To evaluate the effect of the absence of photoreceptors on the physiology of selected ganglion cells, the properties ON, OFF-T, and OFF-S RGCs in the WT and RD mouse retinas were compared. The distinctive rhythmic voltage fluctuations and spike activity present in the RD retina is not present in these cell types in WT retina (Pang et al., 2003; Murphy and Rieke, 2006; Sagdullaev et al., 2006; Margolis and Detwiler, 2007). Nor has this activity been reported under physiological conditions in any other type of adult mammalian RGC. Thus, the periodic spike activity at a characteristic frequency of ∼10 Hz represents a specific form of aberrant activity present during the early stages of retinal degeneration. Two recent reports showing increased glutamate signaling (Marc et al., 2007) and overall spiking activity (Stasheff, 2008) in RD retina are consistent with this view. We found rhythmic activity in older mice (up to P210), but at a reduced rate. Thus, rhythmic retinal output may be a general feature of retinal degeneration throughout progression of the disease.
The results showed that the rhythmic spike activity was caused by oscillatory synaptic input in both ON, OFF-T, and OFF-S RGCs. This indicates that the loss of photoreceptor input to the retina and/or the synaptic alterations that occur during retinal degeneration result in recurrent episodic release of neurotransmitter across parallel ON and OFF retinal pathways. Available evidence argues against the possibility that the activity occurs in phase across the full mosaic of RGCs. Electroretinogram recordings from RD mice (Strettoi et al., 2002) and humans (Francis et al., 2005) with retinal dystrophy show no signs of oscillatory potentials, which would be expected to be seen if the entire retina were “beating” synchronously. There is also no sign of synchronous activity in multielectrode recordings from RD mouse retina (Stasheff, 2008), consistent with the rhythmic retinal activity being asynchronous at least on a spatial scale of >200 μm, the spacing of the multielectrode array.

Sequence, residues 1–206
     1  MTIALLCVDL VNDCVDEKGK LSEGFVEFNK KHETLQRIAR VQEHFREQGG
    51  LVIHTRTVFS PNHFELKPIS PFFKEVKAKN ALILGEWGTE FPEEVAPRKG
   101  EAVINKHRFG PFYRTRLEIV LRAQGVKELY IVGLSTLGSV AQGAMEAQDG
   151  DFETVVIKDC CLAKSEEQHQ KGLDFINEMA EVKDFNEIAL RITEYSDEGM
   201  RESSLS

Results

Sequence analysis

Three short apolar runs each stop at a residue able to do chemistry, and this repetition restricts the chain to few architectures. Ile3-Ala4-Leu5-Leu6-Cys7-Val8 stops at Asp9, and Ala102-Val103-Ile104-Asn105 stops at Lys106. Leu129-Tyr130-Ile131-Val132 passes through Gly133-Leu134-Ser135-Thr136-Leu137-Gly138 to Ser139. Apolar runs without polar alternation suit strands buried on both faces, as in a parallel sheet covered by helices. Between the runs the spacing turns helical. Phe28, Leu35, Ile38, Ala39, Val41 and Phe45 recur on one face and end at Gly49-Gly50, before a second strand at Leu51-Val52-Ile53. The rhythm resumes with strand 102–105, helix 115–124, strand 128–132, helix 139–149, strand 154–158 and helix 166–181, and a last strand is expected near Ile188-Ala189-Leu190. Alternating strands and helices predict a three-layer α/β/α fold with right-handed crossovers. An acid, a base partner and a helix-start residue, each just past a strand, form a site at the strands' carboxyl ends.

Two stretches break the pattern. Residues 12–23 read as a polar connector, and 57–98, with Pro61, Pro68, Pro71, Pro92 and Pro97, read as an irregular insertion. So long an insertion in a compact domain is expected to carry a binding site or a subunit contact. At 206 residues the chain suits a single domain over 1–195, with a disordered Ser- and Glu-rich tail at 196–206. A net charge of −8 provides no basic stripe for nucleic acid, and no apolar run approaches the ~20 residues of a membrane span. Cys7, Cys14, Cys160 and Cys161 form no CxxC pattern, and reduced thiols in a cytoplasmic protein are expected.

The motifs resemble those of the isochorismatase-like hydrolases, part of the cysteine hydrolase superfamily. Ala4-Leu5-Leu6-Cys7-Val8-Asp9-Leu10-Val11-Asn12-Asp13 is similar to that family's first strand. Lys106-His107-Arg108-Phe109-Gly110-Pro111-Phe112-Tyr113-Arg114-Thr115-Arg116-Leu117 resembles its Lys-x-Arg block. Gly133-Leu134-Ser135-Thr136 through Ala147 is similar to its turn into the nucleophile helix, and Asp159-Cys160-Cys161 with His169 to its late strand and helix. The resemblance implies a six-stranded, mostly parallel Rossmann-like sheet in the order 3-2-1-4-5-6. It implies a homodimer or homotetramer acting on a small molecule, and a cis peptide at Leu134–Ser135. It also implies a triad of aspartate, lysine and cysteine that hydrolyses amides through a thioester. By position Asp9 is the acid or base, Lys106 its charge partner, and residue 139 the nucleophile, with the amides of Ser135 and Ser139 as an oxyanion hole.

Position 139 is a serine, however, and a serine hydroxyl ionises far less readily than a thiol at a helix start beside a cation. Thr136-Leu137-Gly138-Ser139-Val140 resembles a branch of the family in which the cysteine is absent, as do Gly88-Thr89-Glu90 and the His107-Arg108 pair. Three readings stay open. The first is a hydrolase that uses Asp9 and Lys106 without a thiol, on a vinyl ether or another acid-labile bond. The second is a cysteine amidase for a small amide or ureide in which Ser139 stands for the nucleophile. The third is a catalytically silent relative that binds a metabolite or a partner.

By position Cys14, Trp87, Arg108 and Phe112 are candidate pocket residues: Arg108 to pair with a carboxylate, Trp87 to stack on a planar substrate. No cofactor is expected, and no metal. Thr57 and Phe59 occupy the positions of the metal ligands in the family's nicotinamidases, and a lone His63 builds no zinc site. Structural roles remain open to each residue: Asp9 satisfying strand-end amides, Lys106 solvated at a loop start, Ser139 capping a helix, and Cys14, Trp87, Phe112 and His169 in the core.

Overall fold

It is unclear what effect ongoing RGC spike activity may have on postsynaptic visual targets in the brain, but it is known that the RD retina retains functional synaptic connections with higher visual centers (Bi et al., 2006; Chen et al., 2006). Thus, it is possible that the persistent retinal activity we have observed in the blind retina is the source of photopsia in patients with retinitis pigmentosa who describe the sensation of seeing random flashes or shimmering lights in the absence of visual stimulation (Lepore, 1990; Amos, 1999; Murtha and Stasheff, 2003).
Maintenance of dendritic structure, firing properties and Ca2+ signaling
Despite the cellular changes that occur during retinal degeneration (Marc et al., 2003; Jones and Marc, 2005), the dendrites of three identified RGC types retain their characteristic branching and stratification patterns. That morphological changes are known to occur in horizontal and bipolar cells of RD retina (Strettoi and Pignatelli, 2000) and generally in response to altered synaptic input in other cell types (Deitch and Rubel, 1984; Kossut and Juliano, 1999), suggests that RGCs have a remarkable degree of morphological stability. These cells, the output cells of the retina, are also functionally stable. This is supported by the fact that the characteristic differences in the intrinsic electrical properties and dendritic Ca2+ signals between ON and OFF RGCs are the same in WT and RD retinas. Although there is little evidence of plasticity in the adult retina (Xia et al., 2007), it is nevertheless surprising that the irreversible and long term disruption of normal retinal architecture and function has no effect on the fundamental properties of ON and OFF output cells. The inherent stability of RGCs may be designed to ensure the maintenance of normal retina circuitry during prolonged changes in illumination that occur diurnally. Light, for example, by suppressing transmitter release from photoreceptors deprives the retina of photoreceptor output, which is also a consequence of photoreceptor loss in retinal degeneration.
The function of rhythmic activity: a link between cell survival and Ca2+ homeostasis?